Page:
£500m funding gap for social care revealed
Published on 30 January 2012 12:01 AM
Age UK launches Care in Crisis 2012 report highlighting the social care crisis.
Age UK's new Care in Crisis 2012 report shows that this year spending on older people's social care in England has fallen half a billion pounds short of even maintaining the inadequate levels of provision in place when the Coalition came to power.
In order to maintain the same levels of service as in 2010, our projections show that Government ought to be spending £7.8 billion this year. In fact councils have only budgeted £7.3 billion in the face of substantial reductions in central government funding.
Our analysis shows that the combined impact of growing demand for services and a £341 million reduction in older people's social care budgets this financial year - equivalent to a 4.5% cut - has created a £500 million shortfall.
The situation has reached crisis point
This funding gap comes after several years of stagnating and then decreasing social care spending. Since 2004 the number of people aged over 85, and most likely to need care and support, has increased by over 250,000. The increasing demand, combined with a decrease in real terms spending on social care has created a real funding crisis.
Based on the figures in this report, Age UK projects that, by next year (2012/13) the Government will need to spend £1 billion more than this year just to stop things getting any worse.
Vulnerable older people are not receiving the care they need
The impact of the chronic under-funding is felt every day by vulnerable older people who do not receive the care they need. Age UK's report shows that:
- According to research from the PSSRU, of the two million older people who need care, almost 800,000 (nearly 40%) do not receive any formal support
- Age UK analysis shows that councils have cut older people's social care budgets by £341 million - equivalent to 4.5% cut in real terms (2011-12)
- It is very difficult to track where this year's cuts (2011/12) are being made, however evidence shows that these cannot be made solely through efficiencies. A recent survey of Directors of Adult Social Services by ADASS found that 23 per cent of the savings would be made through service reductions.
- Even before the current spending cuts of 4.5 per cent, the total hours of care support purchased by local authorities for older people fell from 2million to 1.85 million in 2009-10. Since 2009/10, local authorities have faced funding cuts of 28% over four years.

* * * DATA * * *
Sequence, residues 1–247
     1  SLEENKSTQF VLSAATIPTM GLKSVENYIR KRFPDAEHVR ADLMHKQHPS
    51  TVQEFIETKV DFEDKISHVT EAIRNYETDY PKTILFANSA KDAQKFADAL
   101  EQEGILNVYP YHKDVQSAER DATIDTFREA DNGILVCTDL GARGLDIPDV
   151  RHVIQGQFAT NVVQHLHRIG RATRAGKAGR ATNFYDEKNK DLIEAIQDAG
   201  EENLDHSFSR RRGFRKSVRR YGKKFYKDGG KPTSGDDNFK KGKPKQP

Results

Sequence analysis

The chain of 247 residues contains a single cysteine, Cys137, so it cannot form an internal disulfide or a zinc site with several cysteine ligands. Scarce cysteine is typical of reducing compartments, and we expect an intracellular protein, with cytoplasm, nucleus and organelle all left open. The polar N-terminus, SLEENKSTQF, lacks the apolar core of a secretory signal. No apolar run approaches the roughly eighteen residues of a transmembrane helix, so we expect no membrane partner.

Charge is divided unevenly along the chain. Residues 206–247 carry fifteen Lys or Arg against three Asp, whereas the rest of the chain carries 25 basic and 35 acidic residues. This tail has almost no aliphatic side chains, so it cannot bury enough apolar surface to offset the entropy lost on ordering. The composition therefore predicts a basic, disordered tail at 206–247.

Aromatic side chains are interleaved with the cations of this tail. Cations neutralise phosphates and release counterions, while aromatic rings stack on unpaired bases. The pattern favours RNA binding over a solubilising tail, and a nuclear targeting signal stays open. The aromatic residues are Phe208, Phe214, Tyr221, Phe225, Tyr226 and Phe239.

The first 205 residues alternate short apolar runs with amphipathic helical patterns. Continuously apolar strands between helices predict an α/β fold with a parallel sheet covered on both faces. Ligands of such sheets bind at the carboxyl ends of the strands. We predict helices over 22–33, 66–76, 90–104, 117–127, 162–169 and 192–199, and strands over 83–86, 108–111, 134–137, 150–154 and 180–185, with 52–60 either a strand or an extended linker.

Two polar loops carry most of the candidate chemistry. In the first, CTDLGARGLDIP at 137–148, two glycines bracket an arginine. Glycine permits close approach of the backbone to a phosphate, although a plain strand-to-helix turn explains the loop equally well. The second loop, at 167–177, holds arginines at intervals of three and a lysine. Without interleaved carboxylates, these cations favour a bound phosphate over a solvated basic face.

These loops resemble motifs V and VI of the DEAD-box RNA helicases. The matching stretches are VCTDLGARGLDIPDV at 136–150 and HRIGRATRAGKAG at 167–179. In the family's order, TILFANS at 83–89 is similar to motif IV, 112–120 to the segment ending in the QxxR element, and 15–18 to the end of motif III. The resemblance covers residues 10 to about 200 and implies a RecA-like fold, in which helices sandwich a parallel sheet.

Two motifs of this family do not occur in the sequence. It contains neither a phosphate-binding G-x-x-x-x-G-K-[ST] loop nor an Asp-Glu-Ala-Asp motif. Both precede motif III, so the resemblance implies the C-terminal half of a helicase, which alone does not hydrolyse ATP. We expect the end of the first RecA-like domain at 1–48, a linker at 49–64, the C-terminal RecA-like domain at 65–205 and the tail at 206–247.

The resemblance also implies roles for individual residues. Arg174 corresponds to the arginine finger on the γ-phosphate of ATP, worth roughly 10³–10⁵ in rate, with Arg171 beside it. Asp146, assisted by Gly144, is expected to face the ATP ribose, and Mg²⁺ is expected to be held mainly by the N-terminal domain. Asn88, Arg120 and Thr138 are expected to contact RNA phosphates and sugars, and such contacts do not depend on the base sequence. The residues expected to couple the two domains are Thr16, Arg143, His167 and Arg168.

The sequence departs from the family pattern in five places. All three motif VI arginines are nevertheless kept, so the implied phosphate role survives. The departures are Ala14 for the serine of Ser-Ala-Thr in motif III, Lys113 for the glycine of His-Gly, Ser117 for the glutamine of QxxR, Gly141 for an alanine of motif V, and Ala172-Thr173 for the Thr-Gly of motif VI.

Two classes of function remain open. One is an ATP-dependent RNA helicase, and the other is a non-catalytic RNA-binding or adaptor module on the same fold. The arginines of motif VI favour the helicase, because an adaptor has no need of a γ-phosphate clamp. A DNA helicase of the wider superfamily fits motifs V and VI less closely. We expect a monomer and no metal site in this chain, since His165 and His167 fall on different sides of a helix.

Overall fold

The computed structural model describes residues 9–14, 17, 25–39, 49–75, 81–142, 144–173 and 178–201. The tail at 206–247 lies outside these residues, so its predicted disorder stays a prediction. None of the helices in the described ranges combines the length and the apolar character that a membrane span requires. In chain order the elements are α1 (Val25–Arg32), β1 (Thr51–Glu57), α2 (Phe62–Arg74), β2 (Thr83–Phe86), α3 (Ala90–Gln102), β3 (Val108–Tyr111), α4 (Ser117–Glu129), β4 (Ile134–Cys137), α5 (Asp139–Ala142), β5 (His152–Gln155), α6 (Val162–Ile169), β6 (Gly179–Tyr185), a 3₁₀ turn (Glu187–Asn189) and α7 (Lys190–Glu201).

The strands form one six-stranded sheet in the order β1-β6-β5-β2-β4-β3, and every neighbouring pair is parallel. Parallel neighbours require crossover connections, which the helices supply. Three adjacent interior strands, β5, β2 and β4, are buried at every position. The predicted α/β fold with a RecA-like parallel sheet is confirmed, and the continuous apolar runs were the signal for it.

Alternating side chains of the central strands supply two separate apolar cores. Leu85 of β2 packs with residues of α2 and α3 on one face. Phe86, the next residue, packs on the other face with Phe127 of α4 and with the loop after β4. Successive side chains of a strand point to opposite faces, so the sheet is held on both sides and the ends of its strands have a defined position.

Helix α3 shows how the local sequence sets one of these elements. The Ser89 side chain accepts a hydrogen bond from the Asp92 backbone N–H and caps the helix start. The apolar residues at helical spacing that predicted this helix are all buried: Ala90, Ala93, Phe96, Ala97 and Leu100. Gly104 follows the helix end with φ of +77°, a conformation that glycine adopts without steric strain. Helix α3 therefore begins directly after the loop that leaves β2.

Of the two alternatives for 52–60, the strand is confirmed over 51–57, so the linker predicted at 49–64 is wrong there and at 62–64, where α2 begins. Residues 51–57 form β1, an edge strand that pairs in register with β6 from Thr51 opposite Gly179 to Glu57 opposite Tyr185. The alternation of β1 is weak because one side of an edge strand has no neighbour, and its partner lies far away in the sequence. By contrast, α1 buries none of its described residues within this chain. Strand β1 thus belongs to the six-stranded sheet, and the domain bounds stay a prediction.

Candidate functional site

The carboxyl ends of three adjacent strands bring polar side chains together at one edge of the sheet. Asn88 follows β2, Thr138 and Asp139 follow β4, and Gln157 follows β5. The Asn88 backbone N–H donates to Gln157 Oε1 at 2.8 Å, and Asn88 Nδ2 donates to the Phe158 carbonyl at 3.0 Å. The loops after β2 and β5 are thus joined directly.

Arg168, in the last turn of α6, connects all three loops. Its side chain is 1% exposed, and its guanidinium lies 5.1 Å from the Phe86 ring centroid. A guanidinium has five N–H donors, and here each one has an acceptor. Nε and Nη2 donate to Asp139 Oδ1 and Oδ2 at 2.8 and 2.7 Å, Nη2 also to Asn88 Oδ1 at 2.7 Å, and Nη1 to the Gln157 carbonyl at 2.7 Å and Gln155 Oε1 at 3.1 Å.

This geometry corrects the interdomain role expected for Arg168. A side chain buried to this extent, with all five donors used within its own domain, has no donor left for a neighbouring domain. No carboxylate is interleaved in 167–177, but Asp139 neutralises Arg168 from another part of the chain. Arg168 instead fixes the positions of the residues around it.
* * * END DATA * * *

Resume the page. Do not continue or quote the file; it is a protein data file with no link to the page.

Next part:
- In 2005, around half of councils provided support to people assessed as having ‘moderate' care needs but by 2011 the figure had fallen to 18 per cent.
Charges for care provision are also increasing
In real terms, charges were £150 per year more in 2010-2011 than in 2009-2010 for each older person using local authority services and £360 more than in 2008-2009.
With councils increasing fees and charges and abolishing caps which limit the weekly amount any individual is expected to pay, these costs are likely to have increased further in this financial year.
Michelle Mitchell, Charity Director of Age UK said: 'Our new figures show a funding gap clearly exists, that it currently stands at £500,000, and that it is growing bigger all the time. We need urgent Government action now, otherwise the gap will simply get worse.
'Behind these figures are real older people struggling to cope without the support they need, compromising their dignity and safety on a daily basis. Social care is not a nice to have extra - it is the support that helps older people get out of bed, feed themselves, have a wash, live a life that is more than just an existence.
'We urge all parties to engage openly and constructively in the cross-party talks on care to reach a settlement on this issue that guarantees both reform of the legal structure and most importantly the funding to make it work. The Government must not shirk its responsibility to lead the essential reform of the social care system.'
Support our Care in Crisis campaign
Age UK is urging all those who care about the future for older people's care to back its Care in Crisis campaign, demanding urgent reform of the social care system.
The charity has launched a Care in Crisis petition calling on the Government to reform the care system for older and disabled people so that everyone gets the care they need to live with respect and dignity. It aims to collect 100,000 signatures and will deliver them to the Government ahead of the planned White Paper on the future of long-term care.
To sign up to Age UK's Care in Crisis petition calling for urgent care reform, please either visit www.ageuk.org.uk/careincrisis, or go to your local Age UK office or Age UK charity shop.
Older people and their families and carers who require information and advice on care services can consult Age UK's online information or call Age UK's free advice line on 0800 169 65 65